Thursday, April 28, 2016

Analysis Shows Trump Will Change Color of Electoral Map...By Turning Red States Blue

The notion spouted by many supporters of Donald Trump is that his appeal to independents will change the color of the map, turning many Democratic-leaning states into Republican electoral college pickups.  An extensive analysis of state head-to-head polls show that instead of blue states red, Trump, if he is the nominee, is more likely to turn red states blue.

According to Real Clear Politics, head-to-head Trump v. Clinton polls have been done in 2016 in 20
Donald Trump
states.  Of those 20 states, Romney's 2012 performance beats Trump's poll numbers in 13 of them.  Of the seven states where Trump outperforms Romney, six were won by President Obama in 2012.  But the margins only suggest he might flip one of them - Minnesota.  In that state, Trump trails Clinton in the RCP average of polls by 2.3%.  Romney lost Minnesota by 17.69%.

The other states which Obama won but Trump outperforms Clinton are Connecticut, Iowa, Michigan, New Jersey and New York.  Trump still though polls behind in all those states by margins of 9.5%, 5%, 8.6% and 21.2%. He's unlikely to win any of them in a general election contest.

So while the polling suggests Trump might win Minnesota's 10 electoral votes, the analysis shows his unpopularity is more likely to put formerly Republican states into play.   Astonishingly Trump trails Clinton in a Utah head-to-head poll by 2%, a state Romney won in 2012 with 48.04% of the vote.  But lest one think that was an aberration due to Utah's Mormon leanings, Trump only leads Clinton by 2% in Texas, a state Romney won by 15.79%  Then you have North Carolina, a state that Romney narrowly won by 2.04% in 2012.  In head-to-head polling, Trump loses the state to Clinton by 2%.  And let's not forget Arizona a state Romney won by 9.06% in 2012. Trump loses it to Clinton by 3.5%.  Wait another one.  Trump only leads Clinton by 3% in Mississippi, a state Romney won by 11.5% of the vote.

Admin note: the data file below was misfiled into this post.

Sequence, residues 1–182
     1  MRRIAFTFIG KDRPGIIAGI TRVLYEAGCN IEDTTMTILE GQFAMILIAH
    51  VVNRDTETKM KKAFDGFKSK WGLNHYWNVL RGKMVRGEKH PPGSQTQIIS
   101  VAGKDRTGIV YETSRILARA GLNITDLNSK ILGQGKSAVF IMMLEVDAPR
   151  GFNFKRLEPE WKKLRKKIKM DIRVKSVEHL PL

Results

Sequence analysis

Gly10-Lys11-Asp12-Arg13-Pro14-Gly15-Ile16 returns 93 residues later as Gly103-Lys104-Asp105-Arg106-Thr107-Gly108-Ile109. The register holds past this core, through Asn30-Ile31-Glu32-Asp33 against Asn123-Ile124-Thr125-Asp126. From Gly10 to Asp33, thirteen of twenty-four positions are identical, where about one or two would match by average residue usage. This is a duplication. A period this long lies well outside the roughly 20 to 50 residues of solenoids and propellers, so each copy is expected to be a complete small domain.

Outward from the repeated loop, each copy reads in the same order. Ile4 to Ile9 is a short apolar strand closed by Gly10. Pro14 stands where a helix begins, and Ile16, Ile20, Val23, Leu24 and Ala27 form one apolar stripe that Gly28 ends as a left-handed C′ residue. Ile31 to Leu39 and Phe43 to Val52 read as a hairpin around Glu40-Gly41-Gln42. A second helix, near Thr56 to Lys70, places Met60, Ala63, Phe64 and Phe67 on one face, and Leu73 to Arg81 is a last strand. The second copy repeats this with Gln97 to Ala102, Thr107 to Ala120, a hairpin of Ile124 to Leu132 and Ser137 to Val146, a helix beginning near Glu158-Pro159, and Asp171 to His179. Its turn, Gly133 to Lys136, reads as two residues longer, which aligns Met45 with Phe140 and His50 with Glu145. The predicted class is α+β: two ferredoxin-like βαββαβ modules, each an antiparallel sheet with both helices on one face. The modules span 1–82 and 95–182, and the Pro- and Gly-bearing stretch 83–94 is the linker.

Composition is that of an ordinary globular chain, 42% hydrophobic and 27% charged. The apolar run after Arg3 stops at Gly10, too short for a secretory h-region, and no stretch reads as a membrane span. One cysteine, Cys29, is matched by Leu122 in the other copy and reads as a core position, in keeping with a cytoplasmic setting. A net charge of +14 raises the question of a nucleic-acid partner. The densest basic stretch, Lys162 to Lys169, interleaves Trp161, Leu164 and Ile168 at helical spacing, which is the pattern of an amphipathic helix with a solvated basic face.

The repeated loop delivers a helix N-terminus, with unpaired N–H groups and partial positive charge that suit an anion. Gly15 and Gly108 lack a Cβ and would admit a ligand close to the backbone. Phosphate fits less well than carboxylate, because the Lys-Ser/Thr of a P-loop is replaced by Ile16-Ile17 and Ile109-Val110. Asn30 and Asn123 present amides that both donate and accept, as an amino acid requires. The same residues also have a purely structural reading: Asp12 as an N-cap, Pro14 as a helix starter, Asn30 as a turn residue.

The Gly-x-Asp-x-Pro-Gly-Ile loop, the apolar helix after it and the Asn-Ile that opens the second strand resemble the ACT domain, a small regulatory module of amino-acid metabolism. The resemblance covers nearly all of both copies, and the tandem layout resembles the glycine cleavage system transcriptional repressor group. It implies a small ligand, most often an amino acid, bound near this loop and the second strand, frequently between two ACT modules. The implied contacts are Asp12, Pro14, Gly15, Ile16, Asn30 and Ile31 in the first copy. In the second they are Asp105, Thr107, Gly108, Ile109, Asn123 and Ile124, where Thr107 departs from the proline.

(Note:  Although Indiana hasn't had Trump v. Clinton head-to-head polling done, you can bet the Hoosier state will be competitive for the Democrats if Trump is the Republican presidential candidate.)

Further, a Trump candidacy is likely to make several toss-up or leaning Democratic states that Romney lost in 2012, even more Democratic. Examples include Florida, Ohio, New Hampshire, Pennsylvania, Virginia and Wisconsin.

Below is a table of the states where Trump underperforms Romney's 2012 numbers.

State                T v. C Poll       2012 Winner       2012 Margin
Arizona -3.5 Romney 9.06
California -29.7 Obama 23.12
Florida -2.2 Obama 0.88
Illinois -21.5 Obama 16.87
Maryland -34.6 Obama 26.07
Massachusetts -36 Obama 22.9
Mississippi 3 Romney 11.5
Missouri 7 Romney 9.38
New Hampshire -10.2 Obama 5.58
Ohio -4 Obama 2.98
Pennsylvania -7.4 Obama 5.38
Texas 2 Romney 15.79
Utah -2 Romney 48.04
Virginia -13 Obama 3.88
Wisconsin -10.7 Obama 6.94
North Carolina -2 Romney 2.04

The effect of Trump turning red states blue could have a devastating effect on the GOP's efforts to hold onto the House and Senate.  While a Ted Cruz might not win any more electoral votes than Mitt Romney did, you can bet his candidacy would at least help the Republicans hold onto states they had in 2012 and give the GOP a fighting shot to hold onto both the House and Senate.


Anonymous said...

Good analysis, Paul (unlike yesterday's posting that the Fiorina pick was "brilliant.") I think you are right on track with your thinking about the debacle that is about to unfold on the GOP -- I say Trump picks up the southern Bible Belt states and not much else -- we are about to witness a landslide of Goldwaterian proportions....perhaps the GOP might emerge a little stronger (and hopefully, with a different outlook) next time around....RIP GOP

MikeC said...

Like McCain did?

leon dixon said...

Little boys oughtn't play with matches nor lawyers with numbers. Look long enough and you can find whatever numbers you might wish to see fabricated. EG The only numbers that count are the votes that are counted.